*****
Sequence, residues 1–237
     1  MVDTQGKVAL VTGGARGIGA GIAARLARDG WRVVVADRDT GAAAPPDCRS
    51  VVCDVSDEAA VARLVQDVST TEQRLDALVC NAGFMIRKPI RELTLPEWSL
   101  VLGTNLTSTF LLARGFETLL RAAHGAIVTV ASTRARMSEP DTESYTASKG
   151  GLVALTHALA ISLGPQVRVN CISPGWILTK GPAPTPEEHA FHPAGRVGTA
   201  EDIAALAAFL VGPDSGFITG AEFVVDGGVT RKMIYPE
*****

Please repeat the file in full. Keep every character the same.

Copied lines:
Sequence, residues 1–237
     1  MVDTQGKVAL VTGGARGIGA GIAARLARDG WRVVVADRDT GAAAPPDCRS
    51  VVCDVSDEAA VARLVQDVST TEQRLDALVC NAGFMIRKPI RELTLPEWSL
   101  VLGTNLTSTF LLARGFETLL RAAHGAIVTV ASTRARMSEP DTESYTASKG
   151  GLVALTHALA ISLGPQVRVN CISPGWILTK GPAPTPEEHA FHPAGRVGTA
   201  EDIAALAAFL VGPDSGFITG AEFVVDGGVT RKMIYPE